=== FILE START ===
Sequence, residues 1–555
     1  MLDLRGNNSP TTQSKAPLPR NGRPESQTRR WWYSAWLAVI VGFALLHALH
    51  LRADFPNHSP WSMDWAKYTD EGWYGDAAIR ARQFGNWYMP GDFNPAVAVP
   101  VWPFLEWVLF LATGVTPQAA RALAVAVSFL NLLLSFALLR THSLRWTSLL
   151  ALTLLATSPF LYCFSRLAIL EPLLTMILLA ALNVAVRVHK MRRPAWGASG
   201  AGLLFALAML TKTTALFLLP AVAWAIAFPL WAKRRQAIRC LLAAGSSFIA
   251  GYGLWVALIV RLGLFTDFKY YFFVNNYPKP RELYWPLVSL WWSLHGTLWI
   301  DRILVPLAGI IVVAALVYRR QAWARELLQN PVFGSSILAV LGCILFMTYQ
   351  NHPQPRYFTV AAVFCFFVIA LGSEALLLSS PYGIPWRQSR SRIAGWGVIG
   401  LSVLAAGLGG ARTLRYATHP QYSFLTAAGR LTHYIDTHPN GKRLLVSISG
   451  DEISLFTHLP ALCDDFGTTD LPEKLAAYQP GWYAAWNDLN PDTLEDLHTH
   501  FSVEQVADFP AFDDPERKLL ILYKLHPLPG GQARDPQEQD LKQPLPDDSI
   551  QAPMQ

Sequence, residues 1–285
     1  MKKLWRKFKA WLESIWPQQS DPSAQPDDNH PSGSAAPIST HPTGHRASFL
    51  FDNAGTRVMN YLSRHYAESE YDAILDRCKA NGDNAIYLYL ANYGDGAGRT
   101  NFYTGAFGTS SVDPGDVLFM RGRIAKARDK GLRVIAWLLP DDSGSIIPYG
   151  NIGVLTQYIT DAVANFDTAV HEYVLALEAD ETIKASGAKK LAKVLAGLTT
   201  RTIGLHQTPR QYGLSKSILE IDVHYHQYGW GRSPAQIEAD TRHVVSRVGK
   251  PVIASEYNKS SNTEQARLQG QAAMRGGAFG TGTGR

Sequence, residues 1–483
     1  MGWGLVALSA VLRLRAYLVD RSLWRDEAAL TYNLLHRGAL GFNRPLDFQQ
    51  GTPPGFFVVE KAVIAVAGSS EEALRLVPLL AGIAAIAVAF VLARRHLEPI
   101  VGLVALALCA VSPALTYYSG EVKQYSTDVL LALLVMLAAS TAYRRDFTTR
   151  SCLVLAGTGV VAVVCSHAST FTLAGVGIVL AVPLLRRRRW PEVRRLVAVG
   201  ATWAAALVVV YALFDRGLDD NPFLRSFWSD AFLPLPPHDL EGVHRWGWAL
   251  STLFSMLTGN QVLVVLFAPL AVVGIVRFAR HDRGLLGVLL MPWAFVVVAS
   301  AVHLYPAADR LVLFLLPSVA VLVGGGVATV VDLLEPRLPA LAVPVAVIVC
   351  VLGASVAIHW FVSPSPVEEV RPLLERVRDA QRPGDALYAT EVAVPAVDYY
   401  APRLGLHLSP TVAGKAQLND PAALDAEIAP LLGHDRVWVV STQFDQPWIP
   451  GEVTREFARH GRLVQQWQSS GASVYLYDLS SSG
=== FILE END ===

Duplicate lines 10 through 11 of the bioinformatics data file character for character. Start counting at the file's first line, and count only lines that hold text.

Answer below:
   401  LSVLAAGLGG ARTLRYATHP QYSFLTAAGR LTHYIDTHPN GKRLLVSISG
   451  DEISLFTHLP ALCDDFGTTD LPEKLAAYQP GWYAAWNDLN PDTLEDLHTH